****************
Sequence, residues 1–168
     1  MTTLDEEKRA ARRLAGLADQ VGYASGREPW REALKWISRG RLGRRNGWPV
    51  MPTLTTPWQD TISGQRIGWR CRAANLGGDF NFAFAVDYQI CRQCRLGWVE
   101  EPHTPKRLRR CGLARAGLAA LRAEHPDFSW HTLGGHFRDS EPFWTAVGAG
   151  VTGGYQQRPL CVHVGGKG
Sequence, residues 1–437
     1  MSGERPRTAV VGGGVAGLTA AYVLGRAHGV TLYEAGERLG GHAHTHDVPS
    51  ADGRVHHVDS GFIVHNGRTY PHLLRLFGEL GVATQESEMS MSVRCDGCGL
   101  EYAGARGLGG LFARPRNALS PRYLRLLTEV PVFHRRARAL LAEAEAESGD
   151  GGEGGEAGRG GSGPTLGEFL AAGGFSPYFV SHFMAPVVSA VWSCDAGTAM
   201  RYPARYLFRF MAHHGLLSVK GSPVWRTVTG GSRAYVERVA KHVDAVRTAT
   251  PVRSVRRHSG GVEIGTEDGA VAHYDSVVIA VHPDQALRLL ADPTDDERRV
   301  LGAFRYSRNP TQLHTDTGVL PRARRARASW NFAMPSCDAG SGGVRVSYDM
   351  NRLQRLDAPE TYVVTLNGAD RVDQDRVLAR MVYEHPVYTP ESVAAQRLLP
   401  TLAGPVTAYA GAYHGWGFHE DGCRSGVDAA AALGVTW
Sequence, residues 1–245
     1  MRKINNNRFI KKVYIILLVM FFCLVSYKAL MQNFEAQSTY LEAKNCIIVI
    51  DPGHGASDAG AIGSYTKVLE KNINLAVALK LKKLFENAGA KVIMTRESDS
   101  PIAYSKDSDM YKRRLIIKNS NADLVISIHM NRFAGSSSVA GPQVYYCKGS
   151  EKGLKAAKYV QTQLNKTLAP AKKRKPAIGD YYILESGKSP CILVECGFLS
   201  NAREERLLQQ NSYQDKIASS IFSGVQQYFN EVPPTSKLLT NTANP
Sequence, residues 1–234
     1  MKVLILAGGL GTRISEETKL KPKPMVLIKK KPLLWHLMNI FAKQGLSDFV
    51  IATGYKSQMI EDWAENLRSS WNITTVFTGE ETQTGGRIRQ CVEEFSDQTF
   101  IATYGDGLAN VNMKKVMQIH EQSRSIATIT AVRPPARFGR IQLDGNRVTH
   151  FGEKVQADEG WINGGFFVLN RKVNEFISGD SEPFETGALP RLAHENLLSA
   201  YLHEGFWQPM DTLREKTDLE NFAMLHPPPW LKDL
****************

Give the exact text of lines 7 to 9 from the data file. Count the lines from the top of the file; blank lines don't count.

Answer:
     1  MSGERPRTAV VGGGVAGLTA AYVLGRAHGV TLYEAGERLG GHAHTHDVPS
    51  ADGRVHHVDS GFIVHNGRTY PHLLRLFGEL GVATQESEMS MSVRCDGCGL
   101  EYAGARGLGG LFARPRNALS PRYLRLLTEV PVFHRRARAL LAEAEAESGD